Some people called it "the Northwest Conspiracy", others referred to it as "the Chicago Conspiracy". But Belle Rutledge, perhaps the only person who knew the whole truth, called it a "conspiracy of knaves"; and there were, from the outset, "three sets of deceivers, each trying to flimflam the others". It was a bold plot, cooked up by Confederates and Copperheads (Notherners who sympathised with the Southern cause). If it worked, it would free Rebel soldiers held captive in Chicago and use them to force the Northwest Territories out of the Union.
Belle Rutledge, an ambitious young actress from Kentucky whose career was cut short by the war, is recruited as a Union spy. She is actually a double agent, reporting to Colonel Fennell of teh Confederate Intelligence Service. Posing as husband and wife, she and fellow-conspirator Charley Heywood smuggle themselves and the money for the rebellion into the North. The money for the plot was provided by John Truscott, a Confederate captain who robbed a Union payroll and was subsequently betrayed.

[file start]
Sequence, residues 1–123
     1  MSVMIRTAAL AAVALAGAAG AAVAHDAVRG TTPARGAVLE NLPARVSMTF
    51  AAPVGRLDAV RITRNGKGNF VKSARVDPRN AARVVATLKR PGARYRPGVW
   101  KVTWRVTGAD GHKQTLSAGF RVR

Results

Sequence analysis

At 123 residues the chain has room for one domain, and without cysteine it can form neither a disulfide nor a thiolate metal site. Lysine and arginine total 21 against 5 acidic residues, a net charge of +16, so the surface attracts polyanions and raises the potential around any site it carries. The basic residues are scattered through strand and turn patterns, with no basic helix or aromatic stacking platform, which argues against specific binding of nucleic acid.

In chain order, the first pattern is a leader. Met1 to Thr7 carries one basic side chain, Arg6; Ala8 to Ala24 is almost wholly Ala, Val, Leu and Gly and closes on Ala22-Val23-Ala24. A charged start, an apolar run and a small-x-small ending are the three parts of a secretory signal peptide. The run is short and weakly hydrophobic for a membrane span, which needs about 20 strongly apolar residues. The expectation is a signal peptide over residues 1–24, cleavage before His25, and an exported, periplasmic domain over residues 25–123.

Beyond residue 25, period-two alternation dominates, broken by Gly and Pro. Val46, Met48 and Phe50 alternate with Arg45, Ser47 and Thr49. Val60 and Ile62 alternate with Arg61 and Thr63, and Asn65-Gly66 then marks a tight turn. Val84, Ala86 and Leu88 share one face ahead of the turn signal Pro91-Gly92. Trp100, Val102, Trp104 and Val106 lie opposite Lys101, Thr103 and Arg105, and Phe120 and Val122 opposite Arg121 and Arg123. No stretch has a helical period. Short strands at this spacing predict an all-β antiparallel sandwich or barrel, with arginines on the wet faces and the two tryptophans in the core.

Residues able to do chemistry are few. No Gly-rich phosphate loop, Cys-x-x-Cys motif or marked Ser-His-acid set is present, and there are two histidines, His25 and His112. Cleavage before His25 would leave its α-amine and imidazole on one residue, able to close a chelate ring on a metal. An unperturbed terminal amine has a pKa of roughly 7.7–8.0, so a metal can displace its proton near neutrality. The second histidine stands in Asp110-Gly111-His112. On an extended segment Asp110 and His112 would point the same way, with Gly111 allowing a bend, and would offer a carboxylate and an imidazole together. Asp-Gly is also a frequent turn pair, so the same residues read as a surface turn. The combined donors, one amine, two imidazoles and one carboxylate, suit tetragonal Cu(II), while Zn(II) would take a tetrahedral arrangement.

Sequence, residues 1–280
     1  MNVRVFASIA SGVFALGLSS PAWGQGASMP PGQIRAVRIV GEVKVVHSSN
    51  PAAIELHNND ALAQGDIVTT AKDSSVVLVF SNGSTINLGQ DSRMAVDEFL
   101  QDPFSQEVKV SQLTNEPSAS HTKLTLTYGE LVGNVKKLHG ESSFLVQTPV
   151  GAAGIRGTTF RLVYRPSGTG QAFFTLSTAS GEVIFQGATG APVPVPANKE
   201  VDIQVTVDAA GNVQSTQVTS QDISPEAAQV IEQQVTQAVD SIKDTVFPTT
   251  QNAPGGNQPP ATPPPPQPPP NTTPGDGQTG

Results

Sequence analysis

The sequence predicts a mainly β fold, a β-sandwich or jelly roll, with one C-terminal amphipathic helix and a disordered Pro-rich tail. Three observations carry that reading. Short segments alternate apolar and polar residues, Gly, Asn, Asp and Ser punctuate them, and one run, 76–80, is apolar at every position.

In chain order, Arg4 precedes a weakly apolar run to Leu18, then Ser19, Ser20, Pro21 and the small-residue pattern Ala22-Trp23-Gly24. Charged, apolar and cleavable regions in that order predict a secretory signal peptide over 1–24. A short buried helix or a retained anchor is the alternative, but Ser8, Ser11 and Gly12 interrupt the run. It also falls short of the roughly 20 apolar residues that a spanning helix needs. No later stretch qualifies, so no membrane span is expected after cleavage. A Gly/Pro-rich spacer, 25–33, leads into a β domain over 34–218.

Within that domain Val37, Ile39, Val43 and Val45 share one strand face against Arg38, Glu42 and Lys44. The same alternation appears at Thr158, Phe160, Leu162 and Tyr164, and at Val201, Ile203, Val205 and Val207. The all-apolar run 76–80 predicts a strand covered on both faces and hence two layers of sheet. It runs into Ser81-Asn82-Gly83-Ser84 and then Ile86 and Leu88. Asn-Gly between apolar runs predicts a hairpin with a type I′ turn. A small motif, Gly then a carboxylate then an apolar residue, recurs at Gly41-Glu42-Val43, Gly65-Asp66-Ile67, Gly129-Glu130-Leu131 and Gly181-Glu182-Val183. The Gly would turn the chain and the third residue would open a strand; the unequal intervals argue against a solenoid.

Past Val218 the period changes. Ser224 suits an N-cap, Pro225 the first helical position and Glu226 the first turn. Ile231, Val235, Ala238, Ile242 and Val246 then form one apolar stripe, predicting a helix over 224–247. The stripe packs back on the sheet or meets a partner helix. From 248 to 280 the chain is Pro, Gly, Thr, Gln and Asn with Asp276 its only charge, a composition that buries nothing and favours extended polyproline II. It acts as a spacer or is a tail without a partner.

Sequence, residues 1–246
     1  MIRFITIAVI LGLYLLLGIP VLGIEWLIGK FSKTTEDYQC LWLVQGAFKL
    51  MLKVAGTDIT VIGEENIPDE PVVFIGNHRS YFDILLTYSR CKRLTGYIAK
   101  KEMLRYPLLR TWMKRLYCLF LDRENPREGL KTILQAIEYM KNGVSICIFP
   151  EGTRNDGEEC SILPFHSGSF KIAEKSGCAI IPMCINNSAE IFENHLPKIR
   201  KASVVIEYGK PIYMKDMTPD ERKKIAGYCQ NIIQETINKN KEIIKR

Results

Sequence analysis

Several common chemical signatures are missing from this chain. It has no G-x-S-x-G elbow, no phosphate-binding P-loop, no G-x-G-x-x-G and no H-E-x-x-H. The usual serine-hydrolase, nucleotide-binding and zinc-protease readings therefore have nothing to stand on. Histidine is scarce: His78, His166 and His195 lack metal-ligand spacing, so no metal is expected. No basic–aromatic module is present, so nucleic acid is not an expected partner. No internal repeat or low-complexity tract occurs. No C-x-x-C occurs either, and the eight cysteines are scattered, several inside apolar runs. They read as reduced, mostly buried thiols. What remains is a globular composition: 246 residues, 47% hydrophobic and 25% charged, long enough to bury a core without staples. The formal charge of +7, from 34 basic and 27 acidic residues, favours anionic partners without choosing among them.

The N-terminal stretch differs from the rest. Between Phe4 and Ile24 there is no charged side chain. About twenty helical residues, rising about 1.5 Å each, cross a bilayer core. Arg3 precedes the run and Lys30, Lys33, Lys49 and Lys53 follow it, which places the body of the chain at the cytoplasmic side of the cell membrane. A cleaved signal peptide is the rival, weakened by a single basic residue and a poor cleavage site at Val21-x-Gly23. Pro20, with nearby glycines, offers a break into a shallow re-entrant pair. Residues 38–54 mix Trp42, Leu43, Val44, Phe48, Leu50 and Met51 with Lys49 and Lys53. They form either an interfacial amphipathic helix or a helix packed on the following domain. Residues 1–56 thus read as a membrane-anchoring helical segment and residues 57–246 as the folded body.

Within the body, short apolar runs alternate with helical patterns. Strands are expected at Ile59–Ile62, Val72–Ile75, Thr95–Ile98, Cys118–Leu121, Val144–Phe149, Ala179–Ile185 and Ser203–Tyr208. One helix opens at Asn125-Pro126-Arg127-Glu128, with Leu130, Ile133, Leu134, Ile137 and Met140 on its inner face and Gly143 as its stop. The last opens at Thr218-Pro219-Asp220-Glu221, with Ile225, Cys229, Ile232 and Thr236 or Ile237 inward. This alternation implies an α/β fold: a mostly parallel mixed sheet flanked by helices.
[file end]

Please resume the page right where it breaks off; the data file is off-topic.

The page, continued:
He and his hardy band of maurading Confederates are themselves now languishing in the Chicago prison. If the thousands of promised Copperheads can be mobilized, and if the thousands of Confederate soldiers can be freed, the plan will have a chance...and Truscott will have a major part to play.
The complex strands of Belle's relationships with Heywood, Truscott, and Fennell, the ambiguity of her role as a double agent, and the endless scheming of the Copperhead "enemies" with fanciful names like Knights of the Golden Circle, Sons of Liberty and Butternuts, makes this tale both rousing and romantic. The Rashomon-like search challenges the reader to discern the ultimate truth.